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Thread: More Product Fraud - Banyan Foods

  1. #21
    Sqwertz Guest

    Default Re: More Product Fraud - Banyan Foods

    On Wed, 26 Sep 2012 13:05:57 -0500, Nunya Bidnits wrote:

    > I'm thinking grilled veggies in a deep fried wonton for the American Royal
    > Barbecue, vegetable side dish contest (weekend after next). I've been doing
    > grilled veggie empanadas but it's been problematic. The filling used grilled
    > sweet and hot peppers, grilled street corn off the cob, onions, tomatoes,
    > roasted garlic, cream cheese, and chihuaha or oaxacan melting cheese,
    > garnished with kosher salt and cotija cheese crumbles. Not sure the wonton
    > wrappers would hold up though.


    You would have to seal them really well - maybe with a cornstarch
    paste - and keep the moisture down. Fat inside is OK.

    I have trouble just keeping crab rangoon from bursting. But I'm a
    chronic overstuffer.

    -sw

  2. #22
    Mark Thorson Guest

    Default Re: More Product Fraud - Banyan Foods

    Sqwertz wrote:
    >
    > On Wed, 26 Sep 2012 13:05:57 -0500, Nunya Bidnits wrote:
    >
    > > I'm thinking grilled veggies in a deep fried wonton for the American Royal
    > > Barbecue, vegetable side dish contest (weekend after next). I've been doing
    > > grilled veggie empanadas but it's been problematic. The filling used grilled
    > > sweet and hot peppers, grilled street corn off the cob, onions, tomatoes,
    > > roasted garlic, cream cheese, and chihuaha or oaxacan melting cheese,
    > > garnished with kosher salt and cotija cheese crumbles. Not sure the wonton
    > > wrappers would hold up though.

    >
    > You would have to seal them really well - maybe with a cornstarch
    > paste - and keep the moisture down. Fat inside is OK.


    I wouldn't use cornstarch, just a wide and well-moistened
    margin, and let them sit for a little while before frying
    instead of frying immediately, to give time for the seal
    to take. Definitely keep the moisture in the filling low,
    because that causes steam which makes the wonton swell up
    and burst. For some types of filling, it's helpful to
    pan-fry it to drive off the moisture before making the
    wontons. You can make a simple and tasty filling by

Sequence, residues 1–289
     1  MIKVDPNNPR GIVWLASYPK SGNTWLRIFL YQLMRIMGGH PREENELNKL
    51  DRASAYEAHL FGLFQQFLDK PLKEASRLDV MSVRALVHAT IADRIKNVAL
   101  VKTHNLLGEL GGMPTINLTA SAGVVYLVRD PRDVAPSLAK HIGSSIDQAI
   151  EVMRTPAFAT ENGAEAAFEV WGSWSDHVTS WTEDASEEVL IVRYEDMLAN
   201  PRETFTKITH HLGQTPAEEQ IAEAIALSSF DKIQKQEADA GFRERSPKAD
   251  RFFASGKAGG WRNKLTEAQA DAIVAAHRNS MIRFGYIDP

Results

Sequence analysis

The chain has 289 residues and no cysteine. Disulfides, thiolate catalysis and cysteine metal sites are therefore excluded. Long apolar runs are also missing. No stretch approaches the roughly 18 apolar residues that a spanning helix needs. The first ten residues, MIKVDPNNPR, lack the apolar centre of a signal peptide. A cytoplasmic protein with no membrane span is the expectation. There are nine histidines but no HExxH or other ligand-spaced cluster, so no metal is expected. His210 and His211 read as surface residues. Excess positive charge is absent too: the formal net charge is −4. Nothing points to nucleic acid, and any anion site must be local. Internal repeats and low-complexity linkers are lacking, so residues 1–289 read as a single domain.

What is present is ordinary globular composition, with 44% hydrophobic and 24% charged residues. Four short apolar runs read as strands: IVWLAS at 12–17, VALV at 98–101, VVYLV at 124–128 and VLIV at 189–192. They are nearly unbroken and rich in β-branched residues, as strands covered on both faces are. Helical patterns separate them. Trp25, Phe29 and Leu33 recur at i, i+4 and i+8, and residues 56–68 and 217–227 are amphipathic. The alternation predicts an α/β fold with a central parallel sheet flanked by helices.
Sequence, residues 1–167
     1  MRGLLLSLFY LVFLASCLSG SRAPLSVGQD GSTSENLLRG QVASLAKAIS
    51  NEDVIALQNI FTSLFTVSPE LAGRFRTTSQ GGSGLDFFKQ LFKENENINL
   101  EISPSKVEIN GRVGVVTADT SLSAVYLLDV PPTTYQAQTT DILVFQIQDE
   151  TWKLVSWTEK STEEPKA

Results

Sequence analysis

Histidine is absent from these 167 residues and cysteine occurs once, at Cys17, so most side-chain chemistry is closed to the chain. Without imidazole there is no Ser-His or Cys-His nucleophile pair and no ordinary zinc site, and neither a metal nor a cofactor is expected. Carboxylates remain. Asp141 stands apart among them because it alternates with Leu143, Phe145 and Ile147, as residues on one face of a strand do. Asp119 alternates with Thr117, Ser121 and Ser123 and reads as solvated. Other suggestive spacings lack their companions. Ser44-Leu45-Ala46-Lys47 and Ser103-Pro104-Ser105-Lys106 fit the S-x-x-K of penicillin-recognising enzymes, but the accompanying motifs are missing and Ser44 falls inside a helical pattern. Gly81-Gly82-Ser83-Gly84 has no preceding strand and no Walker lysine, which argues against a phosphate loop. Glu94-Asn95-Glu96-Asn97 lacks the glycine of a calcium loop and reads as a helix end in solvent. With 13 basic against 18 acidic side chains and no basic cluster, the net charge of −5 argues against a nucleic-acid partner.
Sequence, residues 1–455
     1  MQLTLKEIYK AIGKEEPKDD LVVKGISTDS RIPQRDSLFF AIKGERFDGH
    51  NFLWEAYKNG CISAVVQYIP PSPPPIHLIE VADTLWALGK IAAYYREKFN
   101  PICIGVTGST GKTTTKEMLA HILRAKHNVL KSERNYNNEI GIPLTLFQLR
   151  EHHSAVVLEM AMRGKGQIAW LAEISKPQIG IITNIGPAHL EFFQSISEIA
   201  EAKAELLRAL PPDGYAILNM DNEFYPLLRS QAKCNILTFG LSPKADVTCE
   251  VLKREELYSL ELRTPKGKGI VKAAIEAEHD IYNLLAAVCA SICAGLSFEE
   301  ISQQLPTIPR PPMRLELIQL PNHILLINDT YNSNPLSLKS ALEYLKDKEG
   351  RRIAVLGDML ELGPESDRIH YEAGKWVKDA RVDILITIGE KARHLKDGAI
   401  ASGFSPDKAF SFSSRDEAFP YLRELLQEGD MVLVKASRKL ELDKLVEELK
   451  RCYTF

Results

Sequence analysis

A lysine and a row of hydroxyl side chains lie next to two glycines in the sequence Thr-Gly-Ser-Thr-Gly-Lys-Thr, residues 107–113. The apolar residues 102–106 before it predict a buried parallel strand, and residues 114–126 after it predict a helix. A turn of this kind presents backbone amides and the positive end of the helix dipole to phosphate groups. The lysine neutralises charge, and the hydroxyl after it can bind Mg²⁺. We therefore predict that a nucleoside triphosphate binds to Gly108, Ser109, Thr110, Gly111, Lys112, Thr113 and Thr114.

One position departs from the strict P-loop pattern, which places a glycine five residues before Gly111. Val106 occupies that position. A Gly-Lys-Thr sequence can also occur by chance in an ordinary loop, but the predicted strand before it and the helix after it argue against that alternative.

breaking up some pork breakfast sausages and frying them
    with chopped parsley. Some chopped water chestnuts would
    give it a more interesting texture, but pork and parsley
    are pretty good by themselves.

    > I have trouble just keeping crab rangoon from bursting. But I'm a
    > chronic overstuffer.


    Overstuffing definitely will cause a cream-cheese-based
    stuffing to burst. You need to show restraint.

  3. #23
    Gary Guest

    Default Re: More Product Fraud - Banyan Foods

    Sqwertz wrote:
    >
    > I most recently used them to make pot stickers last week. And you
    > can't use two wrappers to make anywhere near proper pot stickers.
    >
    > Here they are with a few upturned so you can see the crunch:
    >
    > http://www.flickr.com/photos/sqwertz...ream/lightbox/
    >


    Oh man@! Yum. Care to give a recipe for all that? I'm mainly interested
    in the hot dipping sauce.

    I whipped up a dipping sauce last night by memory to use with a veggie
    eggroll. It was ok but not all that. I wanted something other than duck
    sauce. A hot Thai sauce might be nice in the future.

    G.

  4. #24
    Bryan Guest

    Default Re: More Product Fraud - Banyan Foods

    On Sep 26, 9:58*pm, Mark Thorson <nos...@sonic.net> wrote:
    > Sqwertz wrote:
    >
    >
    > > I have trouble just keeping crab rangoon from bursting. *But I'm a
    > > chronic overstuffer.

    >
    > Overstuffing definitely will cause a cream-cheese-based
    > stuffing to burst. *You need to show restraint.


    The origins of crab rangoon are shrouded in mystery. In St. Louis,
    the Chinese takeouts have this truly horrible item called a St. Paul
    Sandwich:
    "The sandwich consists of an egg foo young patty (made with mung bean
    sprouts and minced white onions) served with dill pickle slices, white
    onion, mayonnaise, lettuce, and tomato between two slices of white
    bread."
    source-- http://en.wikipedia.org/wiki/St._Paul_sandwich

    --Bryan http://www.intrade.com/v4/misc/scoreboard/

  5. #25
    jmcquown Guest

    Default Re: More Product Fraud - Banyan Foods

    "Nunya Bidnits" wrote in message news:k3v392$7f8$[email protected]..

    Sqwertz <[email protected]> wrote:
    > On Tue, 25 Sep 2012 22:19:16 -0400, pavane wrote:
    >
    >> "Brooklyn1" <Gravesend1> wrote in message
    >> news:[email protected]..
    >>> Mark Thorson <[email protected]> wrote:
    >>>
    >>>> Malcom \"Mal\" Reynolds wrote:
    >>>>>
    >>>>> Inability to answer questions noted
    >>>>
    >>>> I'll spill the beans. A wonton is made
    >>>> by folding the wonton wrapper over the
    >>>> filling so that one corner of the wrapper
    >>>> meets its diagonally opposite corner.
    >>>> With a square wrapper, the edges line up
    >>>> perfectly. With a rectangular wrapper,
    >>>> they don't.
    >>>